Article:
Researchers at the SUNY College of Environmental Science and Forestry (ESF) – one of the nation's premier colleges focused exclusively on the study of the environment, developing renewable technologies, and building a sustainable future – received a grant from the National Science Foundation (NSF) to further its research on carbon-neutral alternative sources for value-added chemicals currently sourced from petroleum and other fossil fuels.
Nearly half-a-million dollars will help fund the project, Photoelectrosynthetic Aminoxyl Catalyzed Alcohol Oxidation, which is being led by ESF's principal Investigator Dr. Gyu Leem, assistant professor of chemistry, and co-principal Investigator Dr. Chang Geun Yoo, assistant professor of chemical engineering in collaboration with two other partner institutions, University of Texas at Rio Grande Valley, and Texas Christian University. As a leading institute, approximately $324,000 is designated to ESF's portion of the project.
"The NSF's investment in SUNY ESF'S research of alternative fuel sources is a powerful affirmation of its commitment to a sustainable future," said ESF President Joanie Mahoney. "This grant recognizes Drs. Gyu's and Chang's pivotal role in transforming our energy landscape and leading us toward a world more reliant on renewable, cleaner, and abundant energy sources."
"This proposal will create a transformative direction in the eco-manufacturing of lignin-derived valuable products using solar energy," said Leem. "We believe understanding over the chemoselective oxidation of waste lingin is key for the ultimate development of a renewable process for generating platform chemicals, while reducing fossil fuels."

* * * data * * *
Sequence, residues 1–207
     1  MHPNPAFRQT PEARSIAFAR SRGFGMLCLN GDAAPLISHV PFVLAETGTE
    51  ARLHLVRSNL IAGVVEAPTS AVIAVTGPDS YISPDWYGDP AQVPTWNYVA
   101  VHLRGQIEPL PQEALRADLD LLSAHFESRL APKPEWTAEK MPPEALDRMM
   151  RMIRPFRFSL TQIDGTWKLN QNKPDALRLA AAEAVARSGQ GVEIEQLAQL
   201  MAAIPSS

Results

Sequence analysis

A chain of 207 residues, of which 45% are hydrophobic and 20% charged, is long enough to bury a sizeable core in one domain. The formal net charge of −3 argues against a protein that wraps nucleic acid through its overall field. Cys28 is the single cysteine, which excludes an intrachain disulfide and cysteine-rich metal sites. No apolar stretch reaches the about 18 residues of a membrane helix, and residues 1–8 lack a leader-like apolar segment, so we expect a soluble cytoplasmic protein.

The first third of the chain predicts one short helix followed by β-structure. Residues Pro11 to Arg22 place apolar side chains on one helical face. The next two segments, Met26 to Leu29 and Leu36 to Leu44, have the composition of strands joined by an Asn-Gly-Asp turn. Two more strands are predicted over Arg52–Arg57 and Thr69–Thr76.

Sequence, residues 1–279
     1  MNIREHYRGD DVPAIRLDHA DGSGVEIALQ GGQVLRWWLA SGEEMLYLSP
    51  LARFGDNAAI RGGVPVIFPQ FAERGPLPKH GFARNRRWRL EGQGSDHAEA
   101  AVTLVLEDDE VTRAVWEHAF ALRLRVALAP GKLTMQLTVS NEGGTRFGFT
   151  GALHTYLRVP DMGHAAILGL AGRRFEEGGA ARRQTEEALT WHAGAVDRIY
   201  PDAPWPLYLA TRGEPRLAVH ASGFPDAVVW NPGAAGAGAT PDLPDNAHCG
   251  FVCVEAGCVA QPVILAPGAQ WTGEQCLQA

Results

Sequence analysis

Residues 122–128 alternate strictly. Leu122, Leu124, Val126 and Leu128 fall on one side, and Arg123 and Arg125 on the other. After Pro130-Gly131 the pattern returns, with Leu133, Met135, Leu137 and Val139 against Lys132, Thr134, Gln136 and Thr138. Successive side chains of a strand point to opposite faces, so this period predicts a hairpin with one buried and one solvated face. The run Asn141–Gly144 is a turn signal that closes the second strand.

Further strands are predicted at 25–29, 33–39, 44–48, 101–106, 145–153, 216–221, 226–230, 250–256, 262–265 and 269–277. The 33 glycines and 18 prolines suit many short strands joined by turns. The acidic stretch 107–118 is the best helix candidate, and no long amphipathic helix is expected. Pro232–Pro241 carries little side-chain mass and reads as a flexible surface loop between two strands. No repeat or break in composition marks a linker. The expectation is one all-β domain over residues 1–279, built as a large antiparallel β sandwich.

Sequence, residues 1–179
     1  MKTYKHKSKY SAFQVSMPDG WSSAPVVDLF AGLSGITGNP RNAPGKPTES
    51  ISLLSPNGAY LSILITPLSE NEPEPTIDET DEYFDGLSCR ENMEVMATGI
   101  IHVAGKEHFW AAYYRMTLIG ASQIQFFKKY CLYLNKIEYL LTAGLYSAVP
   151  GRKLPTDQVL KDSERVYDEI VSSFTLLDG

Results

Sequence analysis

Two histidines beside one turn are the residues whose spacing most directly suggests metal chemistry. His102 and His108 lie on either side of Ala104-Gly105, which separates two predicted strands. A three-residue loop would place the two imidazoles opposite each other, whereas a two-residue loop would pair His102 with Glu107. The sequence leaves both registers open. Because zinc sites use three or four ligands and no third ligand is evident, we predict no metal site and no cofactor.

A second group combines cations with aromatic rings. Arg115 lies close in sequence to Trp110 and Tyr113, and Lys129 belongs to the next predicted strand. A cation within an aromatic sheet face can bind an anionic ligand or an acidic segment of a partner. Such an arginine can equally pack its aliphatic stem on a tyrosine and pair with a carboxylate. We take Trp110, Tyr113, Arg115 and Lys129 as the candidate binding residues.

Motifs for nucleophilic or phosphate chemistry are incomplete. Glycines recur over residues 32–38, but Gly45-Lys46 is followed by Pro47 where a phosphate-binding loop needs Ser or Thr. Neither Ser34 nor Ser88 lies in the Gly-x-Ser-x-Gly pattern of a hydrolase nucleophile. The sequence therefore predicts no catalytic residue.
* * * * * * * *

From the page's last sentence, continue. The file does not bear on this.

Researchers are working on developing a cost-effective process to use lignin - a complex biopolymer found in plant cell walls – into value-added chemicals or fuels. As a main component of biomass lignin is an abundant and renewable resource in nature, but until now, the conversion process has been cost prohibitive and less effective.
To make this approach economically viable, researchers are working on developing more efficient and cost-effective sustainable methods for lignin conversion.
Dye-sensitized photoelectrochemical cells have emerged as a low-cost and environmentally friendly technology for converting solar energy into chemical fuels or electricity. These photoelectrochemical cells offer a means of using renewable solar energy to drive energy-intensive chemical conversions at ambient temperature and pressure. Leem and Yoo will study how a dye-sensitized photoanode can chemoselectively oxidize lignin with a suitable catalyst as a first step toward a solar or visible light-driven lignin depolymerization process.
Leem and Yoo are collaborating with colleagues in the fields of photocatalysis, electrochemistry, photophysics, bioprocessing, and materials science with the shared goal of understanding solar-driven catalysis for renewable biomass conversion. This project is supported by their research groups in macromolecular catalyst synthesis and characterization and photophysical studies (Leem), and biomass and lignin characterization and processing (Yoo). Yoo is focusing on the characterization and mechanistic studies of photocatalytic oxidation of lignin dimers and real lignin products.
With the NSF award, this grant can expand many differently catalyzed processes to selectively oxidize primary and secondary alcohols into carbonyl or carboxyl compounds in fine chemical and pharmaceutical industries.